Social media and online networks are acknowledged as vital components of a successful crowdfunding campaign. Indeed, you'd be hard pushed to find a list of crowdfunding tips which doesn't mention Twitter, Facebook and the like.
The rise of crowdfunding goes hand in hand with the rise of digital communication - when you can talk to the crowd without barriers, you've got a much better chance of getting them to take notice.
However, social media and the financial industry have not been easy bedfellows so far and it comes as no surprise that the Financial Conduct Authority (FCA) is still trying to get to grips with it.
Last week, the FCA published its much anticipated consultation paper on social media and customer communications which outlines proposed rules on how social media should be used to avoid breaching existing financial promotion rules. Financial promotion rules are designed to catch communications which include an invitation or inducement to engage in investment activity. They are a significant set of regulations for any crowdfunding platform to navigate.
The FCA latest consultation paper is intended to:
- clarify and confirm the FCA's approach to the supervision of financial promotions in social media;
- help people understand how they can use social media and comply with the FCA's rules;
- remind people that the rules are intended to be media-neutral to ensure that consumers are presented with certain minimum information, in a fair and balanced way, at the outset of any interaction with them; and
- set out specific areas that platforms need to consider, and provide some solutions and illustrative examples.
Clive Adamson, director of supervision at the FCA, has noted "Our overall approach is that financial promotions, whether on social media or traditional media, should be fair, clear and not misleading. We have had extensive industry engagement on this issue and we believe our guidance is a sensible approach that doesn't affect industry's ability to innovate using new forms of media."
Financial promotion regulations ... in 140 characters or less
The application of financial promotion rules on social media isn't new. In 2010, the then Financial Services Authority published an update which made it clear that financial promotion rules are media neutral and apply to social networking websites like Facebook and Twitter. Given that the financial promotion rules apply to 'communication' it does make sense that the rules extend to communicating via social media platforms. However, the difficulty comes in when you consider how this works in practice and how the crowdfunding message could be diluted by compliance issues. Platforms need to ensure that they have considered these issues carefully as they could end up with a hefty fine and, more importantly, the reputational damage that comes with that.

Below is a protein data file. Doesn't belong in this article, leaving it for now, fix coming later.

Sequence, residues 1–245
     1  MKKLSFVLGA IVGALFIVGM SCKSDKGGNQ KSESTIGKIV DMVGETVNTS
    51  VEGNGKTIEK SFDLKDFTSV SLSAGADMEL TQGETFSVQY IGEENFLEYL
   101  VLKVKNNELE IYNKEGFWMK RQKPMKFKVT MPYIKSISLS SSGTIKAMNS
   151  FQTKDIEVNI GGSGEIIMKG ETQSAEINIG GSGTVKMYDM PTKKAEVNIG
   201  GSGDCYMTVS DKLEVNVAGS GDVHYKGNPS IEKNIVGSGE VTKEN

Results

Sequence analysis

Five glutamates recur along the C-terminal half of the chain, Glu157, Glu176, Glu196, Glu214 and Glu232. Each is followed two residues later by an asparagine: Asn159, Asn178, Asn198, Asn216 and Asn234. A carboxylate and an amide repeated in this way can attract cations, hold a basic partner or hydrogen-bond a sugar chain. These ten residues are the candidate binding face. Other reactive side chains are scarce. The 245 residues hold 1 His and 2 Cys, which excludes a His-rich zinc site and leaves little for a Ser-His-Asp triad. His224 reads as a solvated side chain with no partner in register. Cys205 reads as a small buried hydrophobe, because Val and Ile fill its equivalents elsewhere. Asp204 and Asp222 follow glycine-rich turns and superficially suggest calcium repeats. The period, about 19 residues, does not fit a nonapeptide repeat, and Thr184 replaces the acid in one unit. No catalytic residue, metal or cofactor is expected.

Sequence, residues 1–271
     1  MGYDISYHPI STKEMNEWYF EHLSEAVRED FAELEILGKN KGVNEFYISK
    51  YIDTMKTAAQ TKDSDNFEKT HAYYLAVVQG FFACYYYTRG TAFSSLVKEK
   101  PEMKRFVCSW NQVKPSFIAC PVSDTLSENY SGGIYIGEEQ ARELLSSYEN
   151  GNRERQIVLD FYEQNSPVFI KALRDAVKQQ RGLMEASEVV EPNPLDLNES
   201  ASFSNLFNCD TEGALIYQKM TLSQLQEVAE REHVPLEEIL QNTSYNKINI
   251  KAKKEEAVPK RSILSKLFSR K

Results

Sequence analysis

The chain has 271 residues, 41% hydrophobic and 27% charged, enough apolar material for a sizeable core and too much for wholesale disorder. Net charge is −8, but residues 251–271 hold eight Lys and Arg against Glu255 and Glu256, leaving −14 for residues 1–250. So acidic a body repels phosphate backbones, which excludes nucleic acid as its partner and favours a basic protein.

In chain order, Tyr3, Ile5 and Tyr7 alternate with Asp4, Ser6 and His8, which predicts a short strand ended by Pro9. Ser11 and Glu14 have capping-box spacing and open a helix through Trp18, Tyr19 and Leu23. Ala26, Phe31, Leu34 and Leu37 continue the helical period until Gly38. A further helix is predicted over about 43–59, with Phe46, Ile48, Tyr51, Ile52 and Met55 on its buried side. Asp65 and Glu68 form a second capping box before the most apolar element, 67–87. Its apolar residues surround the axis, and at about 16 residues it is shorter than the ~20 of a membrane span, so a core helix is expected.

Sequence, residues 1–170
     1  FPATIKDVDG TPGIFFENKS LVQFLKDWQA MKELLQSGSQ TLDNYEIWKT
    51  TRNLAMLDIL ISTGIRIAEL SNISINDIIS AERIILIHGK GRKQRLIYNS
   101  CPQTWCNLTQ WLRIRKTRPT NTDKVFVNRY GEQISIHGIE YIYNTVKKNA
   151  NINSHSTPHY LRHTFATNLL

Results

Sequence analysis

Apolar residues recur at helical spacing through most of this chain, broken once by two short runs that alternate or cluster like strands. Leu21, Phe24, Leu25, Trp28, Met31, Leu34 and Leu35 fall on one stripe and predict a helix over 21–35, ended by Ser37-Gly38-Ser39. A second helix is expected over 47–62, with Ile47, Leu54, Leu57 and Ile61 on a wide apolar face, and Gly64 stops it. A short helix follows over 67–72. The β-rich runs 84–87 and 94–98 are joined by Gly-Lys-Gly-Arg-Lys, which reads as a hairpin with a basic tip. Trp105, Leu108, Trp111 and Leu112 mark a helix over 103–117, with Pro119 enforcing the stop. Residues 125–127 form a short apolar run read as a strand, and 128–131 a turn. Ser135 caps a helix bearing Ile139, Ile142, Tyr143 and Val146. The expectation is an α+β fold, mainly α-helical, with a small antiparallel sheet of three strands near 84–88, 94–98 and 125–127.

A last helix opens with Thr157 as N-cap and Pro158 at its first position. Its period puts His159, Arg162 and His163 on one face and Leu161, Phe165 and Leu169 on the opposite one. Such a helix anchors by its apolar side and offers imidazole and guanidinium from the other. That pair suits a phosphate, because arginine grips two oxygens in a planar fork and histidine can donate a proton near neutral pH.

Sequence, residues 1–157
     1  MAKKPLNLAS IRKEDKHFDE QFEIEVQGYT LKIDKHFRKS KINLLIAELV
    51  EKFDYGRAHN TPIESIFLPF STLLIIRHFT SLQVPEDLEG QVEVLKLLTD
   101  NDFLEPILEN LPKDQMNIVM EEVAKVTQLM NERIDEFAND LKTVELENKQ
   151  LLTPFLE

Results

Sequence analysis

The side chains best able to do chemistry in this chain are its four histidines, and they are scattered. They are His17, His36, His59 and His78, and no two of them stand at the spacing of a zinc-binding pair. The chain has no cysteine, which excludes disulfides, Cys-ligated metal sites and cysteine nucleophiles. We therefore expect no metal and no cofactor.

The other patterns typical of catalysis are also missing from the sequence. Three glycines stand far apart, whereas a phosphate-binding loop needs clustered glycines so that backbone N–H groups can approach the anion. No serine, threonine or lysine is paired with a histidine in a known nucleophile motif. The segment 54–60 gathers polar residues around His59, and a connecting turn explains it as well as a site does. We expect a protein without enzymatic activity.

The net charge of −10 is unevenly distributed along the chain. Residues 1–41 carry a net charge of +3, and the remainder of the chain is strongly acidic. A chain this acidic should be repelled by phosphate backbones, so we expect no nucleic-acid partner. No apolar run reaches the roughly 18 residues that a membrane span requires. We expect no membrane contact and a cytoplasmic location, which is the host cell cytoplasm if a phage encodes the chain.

For example, included in the FCA's examples of ensuring compliance is setting out images on a tweet so that all the disclaimers can be seen, as well as including a financial promotion hashtag. It is questionable whether such risk warnings are really what people want to see on Twitter in the context of crowdfunding, as generally, Twitter is used to deliver a punchy few words with the aim of redirecting traffic to the campaign website.
It is also hard to see how the FCA's suggestion of using software to target only particular groups will affect the crowd. How will such software sit with the commercial need to grow networks? We have seen tools like Google+ used to great success in crowdfunding campaigns, however, Google+ is a about maximizing not minimizing.
Perhaps the FCA may have to reconsider its 'media-neutral' stance given the way in which social media has transformed the way in which people communicate. Is there merit in treating all communications the same when, in fact, they're not? Social media is all about the conversation. There may be scope for applying different rules to social media posts which are more about telling your story and inviting people to find out more than direct selling. Either way, this has the potential to be a regulatory minefield.
No doubt the consultation process, which runs until 6 November, will raise all these issues and more. Maybe the democratising power of social media will even have some influence on the FCA's deliberations.
However, given that the FCA's stance on social media has been made clear for some time now, it could be the crowd that is forced to change their ways in order to comply with regulatory updates.